"I took a tranquilizer," said Chapman, who had been visiting her daughter in Oceana.
Bill and Adeline Fast were traveling home to Houston after a two-week stay in Charleston visiting family. Bill booked the flights and said he wouldn't have cared if they had flown today. Adeline didn't feel that way.
"I didn't ask him not to book the 11th, but I thought by now he would understand me enough to know," she said of her husband of 33 years. "We're all thinking about what happened last year, and we'll be happy to be home on the 11th."
It is this personal element that lies at the root of the downturn in air travel, said Dr. Thomas Ellis, professor of psychology at Marshall University.
"The possibility that we might become the victim of an air disaster was something, for the most part, that folks didn't really think about that much," Ellis said. "It was something that happened to somebody else far away, and we could sort of brush it off. [Sept. 11] was impossible to brush off. It was right there on the TV for hours and hours.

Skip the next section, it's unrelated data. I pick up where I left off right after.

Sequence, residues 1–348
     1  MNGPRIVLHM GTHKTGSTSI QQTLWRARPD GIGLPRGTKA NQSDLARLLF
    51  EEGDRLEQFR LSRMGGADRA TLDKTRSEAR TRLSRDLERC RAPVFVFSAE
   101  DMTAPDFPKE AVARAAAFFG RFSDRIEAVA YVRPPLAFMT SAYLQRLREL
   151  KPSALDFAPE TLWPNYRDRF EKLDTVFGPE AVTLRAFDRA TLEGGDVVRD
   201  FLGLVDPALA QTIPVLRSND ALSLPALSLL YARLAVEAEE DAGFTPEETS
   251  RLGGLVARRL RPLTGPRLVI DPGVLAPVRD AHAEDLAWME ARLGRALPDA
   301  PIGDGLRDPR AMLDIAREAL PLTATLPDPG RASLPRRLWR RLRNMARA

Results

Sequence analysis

"There's a phenomenon that occurs that causes us to overestimate the probability that something might happen to us. For example, if my neighbor's house burns down, then I'm going to revise my estimate of the probability that it's going to happen to me, even though the probability hasn't changed."
At West Virginia University, Dr. Joseph Scotti, professor of clinical psychology, echoed the sentiments of his counterpart. He called it the "what if" factor, as in: "What if someone got through security?"
Scotti knows how people feel. He, too, has a fear of flying.
"I never liked it, but have always managed to do it," he said. "I'm incredibly reluctant now, but it hasn't stopped me. Those with a full-blown phobia are just not going to go."
Avoidance maintains fearful beliefs, Ellis said. Conquering any fear is a slow process that can't be reasoned away with statistics.
"A lot of people have found other ways to get around [the country]," he said. "This depiction of an airplane had never crossed our minds — an airplane as a weapon."
To contact staff writer Robert J. Byers, use e-mail or call 348-1236.